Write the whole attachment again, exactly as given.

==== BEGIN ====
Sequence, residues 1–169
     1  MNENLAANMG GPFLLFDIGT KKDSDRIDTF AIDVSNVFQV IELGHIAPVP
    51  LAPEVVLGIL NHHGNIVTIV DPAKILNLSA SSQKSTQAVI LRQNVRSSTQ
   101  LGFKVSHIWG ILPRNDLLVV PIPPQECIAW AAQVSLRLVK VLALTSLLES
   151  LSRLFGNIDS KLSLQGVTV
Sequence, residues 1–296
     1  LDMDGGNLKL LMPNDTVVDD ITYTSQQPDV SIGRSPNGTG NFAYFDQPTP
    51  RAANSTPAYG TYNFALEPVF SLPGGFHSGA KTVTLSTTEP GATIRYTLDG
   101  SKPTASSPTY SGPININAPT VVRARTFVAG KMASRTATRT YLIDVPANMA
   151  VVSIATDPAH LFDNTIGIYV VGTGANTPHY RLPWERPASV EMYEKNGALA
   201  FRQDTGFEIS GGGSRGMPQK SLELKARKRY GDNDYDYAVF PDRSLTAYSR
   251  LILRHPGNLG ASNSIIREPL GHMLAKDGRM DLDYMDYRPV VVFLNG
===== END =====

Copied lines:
Sequence, residues 1–169
     1  MNENLAANMG GPFLLFDIGT KKDSDRIDTF AIDVSNVFQV IELGHIAPVP
    51  LAPEVVLGIL NHHGNIVTIV DPAKILNLSA SSQKSTQAVI LRQNVRSSTQ
   101  LGFKVSHIWG ILPRNDLLVV PIPPQECIAW AAQVSLRLVK VLALTSLLES
   151  LSRLFGNIDS KLSLQGVTV
Sequence, residues 1–296
     1  LDMDGGNLKL LMPNDTVVDD ITYTSQQPDV SIGRSPNGTG NFAYFDQPTP
    51  RAANSTPAYG TYNFALEPVF SLPGGFHSGA KTVTLSTTEP GATIRYTLDG
   101  SKPTASSPTY SGPININAPT VVRARTFVAG KMASRTATRT YLIDVPANMA
   151  VVSIATDPAH LFDNTIGIYV VGTGANTPHY RLPWERPASV EMYEKNGALA
   201  FRQDTGFEIS GGGSRGMPQK SLELKARKRY GDNDYDYAVF PDRSLTAYSR
   251  LILRHPGNLG ASNSIIREPL GHMLAKDGRM DLDYMDYRPV VVFLNG